New answers tagged

0

You can use the following script found on doc.ubuntu-fr.org(based on xbacklight tool): Create a new configuration file brightness under /usr/local/bin with the following contents: #!/bin/bash error="Usage: $0 up | $0 down" xbl=`xbacklight` limite1=2 limite2=10 limite3=40 limite4=100 if [ "$#" -eq 1 ] then if [ $1 = "up" ] then # ...


1

To simplify in Xfce for example please install "arandr" which should be available in your distro packages. Configure your display using "arandr" then save it as "displayLayout" for example. Arandr should add for you ".sh" extension so it can be directly used in "function connect()" as written in the script "hotplug_monitor.sh" mentioned by iyrin above, for ...


0

I managed to work it out, xrandr has a VIRTUAL1 output. Through trial and error i worked out how to use it: Generate the modeline: cvt 3840 2160 Modeline "3840x2160_60.00" 712.75 3840 4160 4576 5312 2160 2163 2168 2237 -hsync +vsync Add the mode to xrandr: xrandr --newmode "3840x2160_60.00" 712.75 3840 4160 4576 5312 2160 2163 2168 2237 -hsync +...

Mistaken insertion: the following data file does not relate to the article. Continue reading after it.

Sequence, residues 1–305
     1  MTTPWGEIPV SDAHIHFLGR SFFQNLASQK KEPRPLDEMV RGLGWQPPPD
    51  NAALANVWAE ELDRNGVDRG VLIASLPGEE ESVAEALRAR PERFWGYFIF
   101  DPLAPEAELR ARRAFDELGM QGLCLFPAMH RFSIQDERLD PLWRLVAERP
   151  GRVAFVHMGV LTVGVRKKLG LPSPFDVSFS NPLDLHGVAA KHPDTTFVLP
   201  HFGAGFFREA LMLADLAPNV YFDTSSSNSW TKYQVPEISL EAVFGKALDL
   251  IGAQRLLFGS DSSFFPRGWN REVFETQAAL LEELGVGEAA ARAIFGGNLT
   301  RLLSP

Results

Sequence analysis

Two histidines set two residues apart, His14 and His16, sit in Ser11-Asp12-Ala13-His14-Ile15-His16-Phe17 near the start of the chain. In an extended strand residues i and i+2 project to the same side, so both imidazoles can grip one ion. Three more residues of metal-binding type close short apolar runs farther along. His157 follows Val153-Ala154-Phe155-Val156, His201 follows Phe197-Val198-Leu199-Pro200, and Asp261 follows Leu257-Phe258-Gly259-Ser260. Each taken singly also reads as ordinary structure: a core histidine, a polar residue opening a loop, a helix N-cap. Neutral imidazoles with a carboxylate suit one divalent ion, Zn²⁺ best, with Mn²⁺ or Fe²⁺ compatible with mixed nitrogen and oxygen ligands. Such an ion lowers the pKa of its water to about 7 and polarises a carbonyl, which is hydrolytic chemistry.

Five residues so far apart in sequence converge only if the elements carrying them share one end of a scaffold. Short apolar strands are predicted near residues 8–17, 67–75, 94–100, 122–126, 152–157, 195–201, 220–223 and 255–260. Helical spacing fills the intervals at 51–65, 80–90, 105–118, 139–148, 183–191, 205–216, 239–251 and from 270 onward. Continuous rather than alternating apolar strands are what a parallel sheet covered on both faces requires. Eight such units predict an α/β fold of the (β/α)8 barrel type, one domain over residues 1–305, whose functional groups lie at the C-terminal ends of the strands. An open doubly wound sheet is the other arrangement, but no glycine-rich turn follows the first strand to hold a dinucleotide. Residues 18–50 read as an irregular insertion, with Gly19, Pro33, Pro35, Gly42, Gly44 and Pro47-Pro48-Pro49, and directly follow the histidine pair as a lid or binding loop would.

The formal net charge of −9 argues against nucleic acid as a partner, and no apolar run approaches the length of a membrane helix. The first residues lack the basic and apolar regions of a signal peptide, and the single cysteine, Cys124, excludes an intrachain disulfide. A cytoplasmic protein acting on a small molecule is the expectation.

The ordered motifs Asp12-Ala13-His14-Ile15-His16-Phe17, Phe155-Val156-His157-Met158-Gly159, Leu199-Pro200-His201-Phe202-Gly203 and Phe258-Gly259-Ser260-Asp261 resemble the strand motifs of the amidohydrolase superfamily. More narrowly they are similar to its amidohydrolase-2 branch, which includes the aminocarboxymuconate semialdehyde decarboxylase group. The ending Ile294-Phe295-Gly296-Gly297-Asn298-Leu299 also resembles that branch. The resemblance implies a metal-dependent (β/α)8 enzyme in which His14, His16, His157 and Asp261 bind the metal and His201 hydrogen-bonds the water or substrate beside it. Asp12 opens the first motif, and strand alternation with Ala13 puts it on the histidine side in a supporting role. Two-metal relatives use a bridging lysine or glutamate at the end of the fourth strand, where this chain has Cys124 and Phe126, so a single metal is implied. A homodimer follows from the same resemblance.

2

I guess KDE may have something in it's settings to control this behavior. But if not, then you might try this xrandr --output HDMI-0 --auto --output HDMI-1 --auto --{right,left}-of HDMI-0


0

I purchased a second USB-C to HDMI adapter, and everything works perfectly with it. Conclusion: The first adapter I had is broken.


0

I spend 2 hour to solve similar problem and problem was in vga cable. Replace vga cable I can change resolution to 1920x1080 without using xrandr or xorg it's very strange.



Top 50 recent answers are included